224 THE EFFECT OF TREATMENT WITH VARIOUS DOSES OF A SYNTHETIC GONADOTROPIN-RELEASING HORMONE ON INDUCTION OF OVULATION IN LLAMASM. E. Silva A , C. Letelier B , P. F. Dalmazo B , M. A. Niño B and M. H. Ratto B
A Universidad Catolica de Temuco, Temuco, Chile;
B Universidad Austral de Chile, Valdivia, Chile
Reproduction, Fertility and Development 22(1) 270-270 https://doi.org/10.1071/RDv22n1Ab224
Published: 8 December 2009
Llamas require a copulation stimulus to elicit an LH surge that subsequently leads to induced ovulation. Gonadotropin-releasing hormone has been used to induce ovulation in llamas; however, results have been variable because of the different analogues and doses in previous studies (Bravo PW et al. 1992 Biol. Reprod. 47, 884-888; Ratto M et al. 2006 Anim. Reprod. Sci. 91, 299-306). Additionally, the effect of different doses and types of GnRH analogues on CL formation and function has not been described in detail. The purpose of the present study was to conduct a dose response trial to examine the effect of a synthetic analogue of GnRH, gonadorelin acetate (Ovalyse®, Pfizer, Santiago, Chile) on ovulation and CL formation in llamas. Nonpregnant and nonlactating adult llamas (range 4-8 years) weighing 90 to 130 kg were examined once daily by transrectal ultrasonography using a B mode scanner with a 7.5-MHz linear-array transducer (Aloka® SSD 500, International Clinics, Santiago, Chile). Llamas with a follicle ≥8 mm in diameter that had grown for 3 consecutive days were assigned randomly to be given an i.m. administration of gonadorelin at a dose of 1) 50 μg (n = 5); 2) 25 μg (n = 8); 3) 12.5 μg (n = 9); 4) 6.25 μg (n = 8), or 5) i.m. administration of 0.5 mL of PBS as a negative control group (n = 5). Llamas were examined by ultrasonography every 12 h from treatment (Day 0) to ovulation and thereafter on Day 8 to determine CL formation. Ovulation was defined as the sudden disappearance of a large follicle ≥8 mm that was detected during the previous examination and was confirmed by subsequent CL formation on Day 8. Ovulation rate was analyzed by chi-square analysis. Follicle diameter (at the time of treatment), interval from treatment to ovulation, and CL diameter on Day 8 were analyzed using one-way ANOVA. Mean ± SD diameter of preovulatory follicle did not differ (P = 0.4) among groups (11 ± 1.6, 10.6 ± 1.5, 11.5 ± 1.9, 11.7 ± 1.9, and 9.8 ± 2.9 mm for 50, 25, 12.5, and 6.25 μg of gonadorelin and 0.5 mL PBS, respectively). The proportions of ovulated llamas did not differ (P = 0.1) among GnRH-treated groups (100, 62.5, 77.7, and 62.5% for 50, 25, 12.5, and 6.25 μg of gonadorelin, respectively) but they did differ (P < 0.01) from the control group (0%). Also, the interval from treatment to ovulation in those ovulated females ranged from 36 to 48 h and it did not differ (P = 0.6) among groups. Corpus luteum diameter on Day 8 (12.2 ± 1.8, 10.2 ± 1.1, 11.7 ± 2.2, and 11.3 ± 1.8 for 50, 25, 12.5, and 6.25 μg of gonadorelin, respectively) did not differ (P = 0.3) among groups. In conclusion, the minimal dose of gonadorelin used in this study (1/8 dose) was as equally effective as the highest dose to induce ovulation in llamas without compromising CL formation.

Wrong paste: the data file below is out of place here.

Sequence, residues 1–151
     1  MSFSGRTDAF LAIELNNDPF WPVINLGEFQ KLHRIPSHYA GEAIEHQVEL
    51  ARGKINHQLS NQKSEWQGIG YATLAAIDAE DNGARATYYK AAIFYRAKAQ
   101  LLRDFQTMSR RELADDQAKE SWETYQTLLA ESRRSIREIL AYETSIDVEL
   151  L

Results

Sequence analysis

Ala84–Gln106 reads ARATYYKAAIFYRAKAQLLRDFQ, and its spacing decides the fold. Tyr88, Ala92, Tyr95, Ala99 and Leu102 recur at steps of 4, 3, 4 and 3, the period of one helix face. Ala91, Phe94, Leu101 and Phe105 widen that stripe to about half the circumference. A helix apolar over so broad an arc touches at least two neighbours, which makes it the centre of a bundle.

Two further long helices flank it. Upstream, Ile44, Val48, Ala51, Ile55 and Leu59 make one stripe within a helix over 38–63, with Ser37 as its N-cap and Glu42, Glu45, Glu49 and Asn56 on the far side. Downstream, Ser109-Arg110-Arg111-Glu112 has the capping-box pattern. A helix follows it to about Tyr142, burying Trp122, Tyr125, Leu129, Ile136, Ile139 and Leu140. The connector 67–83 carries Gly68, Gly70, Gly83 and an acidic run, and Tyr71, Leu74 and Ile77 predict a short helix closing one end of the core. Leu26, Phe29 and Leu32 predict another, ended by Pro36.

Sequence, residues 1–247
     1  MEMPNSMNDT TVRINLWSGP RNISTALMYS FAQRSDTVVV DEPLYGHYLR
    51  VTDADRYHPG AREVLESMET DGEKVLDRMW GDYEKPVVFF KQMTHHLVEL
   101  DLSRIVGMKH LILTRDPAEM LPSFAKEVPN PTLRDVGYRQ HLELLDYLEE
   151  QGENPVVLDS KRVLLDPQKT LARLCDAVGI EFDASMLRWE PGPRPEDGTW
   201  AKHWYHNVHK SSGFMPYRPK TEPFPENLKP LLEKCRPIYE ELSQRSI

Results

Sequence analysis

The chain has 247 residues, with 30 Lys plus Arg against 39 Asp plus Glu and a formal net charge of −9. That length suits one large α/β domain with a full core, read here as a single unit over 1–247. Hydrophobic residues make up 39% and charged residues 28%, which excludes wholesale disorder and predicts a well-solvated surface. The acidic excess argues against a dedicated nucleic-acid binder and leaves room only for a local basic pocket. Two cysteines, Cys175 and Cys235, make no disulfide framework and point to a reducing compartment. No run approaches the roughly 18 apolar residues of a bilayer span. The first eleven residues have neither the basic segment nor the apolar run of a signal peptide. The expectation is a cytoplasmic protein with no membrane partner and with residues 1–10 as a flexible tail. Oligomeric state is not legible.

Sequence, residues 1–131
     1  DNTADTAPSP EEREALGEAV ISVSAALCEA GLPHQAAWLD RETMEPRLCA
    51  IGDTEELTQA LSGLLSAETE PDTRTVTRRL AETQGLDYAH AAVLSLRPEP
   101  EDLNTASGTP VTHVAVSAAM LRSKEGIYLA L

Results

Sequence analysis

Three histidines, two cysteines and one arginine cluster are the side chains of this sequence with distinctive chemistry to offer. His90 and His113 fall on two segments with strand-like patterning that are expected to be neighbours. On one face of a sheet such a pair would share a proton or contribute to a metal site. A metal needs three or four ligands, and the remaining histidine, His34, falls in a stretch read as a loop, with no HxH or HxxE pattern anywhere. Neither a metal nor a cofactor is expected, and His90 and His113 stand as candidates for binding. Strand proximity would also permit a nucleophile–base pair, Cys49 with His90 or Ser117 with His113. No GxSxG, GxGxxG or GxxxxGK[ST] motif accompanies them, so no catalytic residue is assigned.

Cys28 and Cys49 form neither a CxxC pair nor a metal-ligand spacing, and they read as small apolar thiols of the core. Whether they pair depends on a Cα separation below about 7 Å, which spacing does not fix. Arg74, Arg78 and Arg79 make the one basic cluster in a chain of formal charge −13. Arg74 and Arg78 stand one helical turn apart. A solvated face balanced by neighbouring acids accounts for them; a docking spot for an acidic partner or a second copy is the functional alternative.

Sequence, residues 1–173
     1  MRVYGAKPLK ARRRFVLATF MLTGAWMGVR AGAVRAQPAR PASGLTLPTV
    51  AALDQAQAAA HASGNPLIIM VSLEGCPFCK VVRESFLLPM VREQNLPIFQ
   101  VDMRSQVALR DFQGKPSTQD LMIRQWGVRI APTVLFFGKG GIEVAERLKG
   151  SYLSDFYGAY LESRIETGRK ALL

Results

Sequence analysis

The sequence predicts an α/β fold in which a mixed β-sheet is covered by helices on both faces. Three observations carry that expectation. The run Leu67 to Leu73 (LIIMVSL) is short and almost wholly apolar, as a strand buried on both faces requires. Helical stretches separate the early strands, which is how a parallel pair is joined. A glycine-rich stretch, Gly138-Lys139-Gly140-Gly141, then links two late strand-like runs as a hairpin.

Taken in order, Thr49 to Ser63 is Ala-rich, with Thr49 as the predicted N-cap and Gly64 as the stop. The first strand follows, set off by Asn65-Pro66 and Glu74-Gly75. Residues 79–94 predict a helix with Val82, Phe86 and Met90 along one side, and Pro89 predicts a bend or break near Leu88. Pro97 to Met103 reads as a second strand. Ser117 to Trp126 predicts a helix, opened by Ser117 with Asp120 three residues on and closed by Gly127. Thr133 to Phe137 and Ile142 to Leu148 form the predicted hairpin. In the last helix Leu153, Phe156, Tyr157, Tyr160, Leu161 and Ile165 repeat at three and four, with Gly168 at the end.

The study was supported by Proyecto FONDECYT 11080141, Convenio de Desempeño en Investigacion (2007 DGI-CDA-04), Universidad Catolica de Temuco, and College of Graduate Studies, Faculty of Veterinary Sciences, Universidad Austral de Chile.